In the Tuscan hills of Northern Italy is an abandoned castle. Castello di Sammezzano. This castle is one of the finest examples of Moorish architecture in Italy. Sadly, it has been left to decay for more than 20 years.
Was erected in the early 17th century by a Spanish nobleman. More than 200 years later, the 365-room palace was remodeled. After World War II, Sammezzano became a luxury hotel, but was closed in the 1990s.
Sammezzano, or the Castle of Sammezzano, is an Italian palazzo in Tuscany notable for its Moorish Revival architectural style.
The original palazzo was erected in about 1605 by the Spanish nobleman, Ximenes of Aragon. In the 19th century, Ferdinand Panciatichi Ximenes inherited the property and, between 1853 and 1889, remodeled it into one of the largest examples of Moorish Revival architecture. Umberto I, king of Italy, visited Ximenes at Sammezzano in 1878.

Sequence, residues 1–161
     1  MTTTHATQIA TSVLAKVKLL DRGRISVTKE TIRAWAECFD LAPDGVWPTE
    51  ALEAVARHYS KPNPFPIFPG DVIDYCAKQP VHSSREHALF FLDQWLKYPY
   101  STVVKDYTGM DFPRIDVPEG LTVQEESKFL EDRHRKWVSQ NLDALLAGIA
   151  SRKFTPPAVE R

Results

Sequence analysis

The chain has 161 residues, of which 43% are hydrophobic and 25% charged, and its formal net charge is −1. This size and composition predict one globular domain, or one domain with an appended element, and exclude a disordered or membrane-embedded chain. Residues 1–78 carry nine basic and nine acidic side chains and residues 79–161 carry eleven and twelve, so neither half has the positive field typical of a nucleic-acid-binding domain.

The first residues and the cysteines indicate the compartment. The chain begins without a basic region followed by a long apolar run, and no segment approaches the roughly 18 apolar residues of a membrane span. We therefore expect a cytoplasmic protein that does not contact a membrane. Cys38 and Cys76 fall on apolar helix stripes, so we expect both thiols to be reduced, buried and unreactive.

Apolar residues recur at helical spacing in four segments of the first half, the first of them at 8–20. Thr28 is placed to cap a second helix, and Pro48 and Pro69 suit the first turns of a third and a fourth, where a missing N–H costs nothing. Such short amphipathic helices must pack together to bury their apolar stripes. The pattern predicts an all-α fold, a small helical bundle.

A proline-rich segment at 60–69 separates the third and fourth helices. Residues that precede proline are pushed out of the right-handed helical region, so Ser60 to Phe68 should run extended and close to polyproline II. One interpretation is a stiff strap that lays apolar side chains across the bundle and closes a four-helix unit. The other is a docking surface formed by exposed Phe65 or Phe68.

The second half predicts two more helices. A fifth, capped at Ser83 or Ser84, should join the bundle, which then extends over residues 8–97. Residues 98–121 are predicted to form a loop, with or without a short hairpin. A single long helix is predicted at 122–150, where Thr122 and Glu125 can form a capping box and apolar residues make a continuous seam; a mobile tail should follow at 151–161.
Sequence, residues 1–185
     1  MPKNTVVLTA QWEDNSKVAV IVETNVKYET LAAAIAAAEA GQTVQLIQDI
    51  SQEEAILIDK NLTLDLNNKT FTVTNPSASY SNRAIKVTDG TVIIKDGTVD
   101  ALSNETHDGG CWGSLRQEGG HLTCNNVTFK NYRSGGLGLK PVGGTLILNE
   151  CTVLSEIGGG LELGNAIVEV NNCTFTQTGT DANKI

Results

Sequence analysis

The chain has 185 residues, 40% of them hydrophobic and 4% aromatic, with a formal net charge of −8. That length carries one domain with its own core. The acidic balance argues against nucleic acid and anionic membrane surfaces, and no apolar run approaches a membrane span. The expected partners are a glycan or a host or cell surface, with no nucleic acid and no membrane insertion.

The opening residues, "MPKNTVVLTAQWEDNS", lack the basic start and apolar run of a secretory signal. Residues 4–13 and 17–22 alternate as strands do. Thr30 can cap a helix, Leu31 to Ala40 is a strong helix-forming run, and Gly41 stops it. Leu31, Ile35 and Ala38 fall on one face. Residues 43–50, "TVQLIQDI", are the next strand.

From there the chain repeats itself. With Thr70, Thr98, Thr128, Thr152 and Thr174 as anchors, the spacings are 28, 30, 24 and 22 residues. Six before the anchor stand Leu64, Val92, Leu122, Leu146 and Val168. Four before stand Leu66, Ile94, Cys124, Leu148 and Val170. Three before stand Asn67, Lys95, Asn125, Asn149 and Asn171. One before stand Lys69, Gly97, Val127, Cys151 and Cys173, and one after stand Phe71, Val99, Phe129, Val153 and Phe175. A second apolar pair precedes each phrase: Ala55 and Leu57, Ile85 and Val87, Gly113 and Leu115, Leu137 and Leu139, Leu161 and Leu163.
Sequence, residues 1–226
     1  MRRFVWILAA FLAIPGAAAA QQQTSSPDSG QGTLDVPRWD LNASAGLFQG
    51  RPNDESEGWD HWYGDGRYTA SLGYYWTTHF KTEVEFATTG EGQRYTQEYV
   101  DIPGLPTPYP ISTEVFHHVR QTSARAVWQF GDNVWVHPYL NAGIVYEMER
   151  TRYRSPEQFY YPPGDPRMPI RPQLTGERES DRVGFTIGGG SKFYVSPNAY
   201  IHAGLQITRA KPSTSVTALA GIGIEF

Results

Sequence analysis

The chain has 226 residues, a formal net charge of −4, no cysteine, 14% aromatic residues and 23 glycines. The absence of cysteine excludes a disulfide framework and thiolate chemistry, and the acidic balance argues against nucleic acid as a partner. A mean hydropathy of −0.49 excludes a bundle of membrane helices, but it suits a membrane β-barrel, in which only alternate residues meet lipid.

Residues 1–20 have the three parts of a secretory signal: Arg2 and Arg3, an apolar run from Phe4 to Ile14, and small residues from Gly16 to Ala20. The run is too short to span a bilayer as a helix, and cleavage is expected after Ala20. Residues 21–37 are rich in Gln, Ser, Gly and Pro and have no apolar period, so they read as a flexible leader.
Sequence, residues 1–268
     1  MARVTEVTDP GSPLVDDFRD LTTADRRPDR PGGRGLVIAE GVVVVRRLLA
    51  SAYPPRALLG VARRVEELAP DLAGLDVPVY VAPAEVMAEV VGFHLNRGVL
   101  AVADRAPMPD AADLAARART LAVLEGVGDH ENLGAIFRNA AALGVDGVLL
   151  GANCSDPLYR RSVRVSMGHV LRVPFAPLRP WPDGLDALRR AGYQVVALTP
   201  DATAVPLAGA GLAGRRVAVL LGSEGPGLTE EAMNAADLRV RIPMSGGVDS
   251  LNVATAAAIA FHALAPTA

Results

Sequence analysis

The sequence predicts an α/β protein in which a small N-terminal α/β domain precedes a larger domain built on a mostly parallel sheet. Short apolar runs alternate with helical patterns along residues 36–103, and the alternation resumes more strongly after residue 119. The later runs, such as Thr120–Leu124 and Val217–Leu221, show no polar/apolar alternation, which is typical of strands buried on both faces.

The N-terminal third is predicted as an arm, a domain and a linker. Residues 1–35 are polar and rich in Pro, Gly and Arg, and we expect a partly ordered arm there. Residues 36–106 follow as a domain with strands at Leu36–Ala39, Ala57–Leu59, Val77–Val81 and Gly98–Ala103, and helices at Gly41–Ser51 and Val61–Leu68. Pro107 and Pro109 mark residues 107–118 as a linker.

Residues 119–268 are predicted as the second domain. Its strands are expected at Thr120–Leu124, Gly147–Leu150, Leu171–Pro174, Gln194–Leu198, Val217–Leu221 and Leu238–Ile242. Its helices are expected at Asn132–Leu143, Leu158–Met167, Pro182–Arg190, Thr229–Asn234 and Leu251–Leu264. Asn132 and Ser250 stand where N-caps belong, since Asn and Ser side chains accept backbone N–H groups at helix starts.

The palazzo served as a luxury hotel in the post WWII era, then was vacated and closed. A committee called FPXA 1813-2013, acronym for Ferdinand Panciatichi Ximenes d’Aragon, was organized in 2012 to attempt to restore and preserve the palazzo, which has 365 rooms, each with unique, Moorish decoration.
Abandoned since the 1990s, after plans to transform it into a luxury hotel fell through.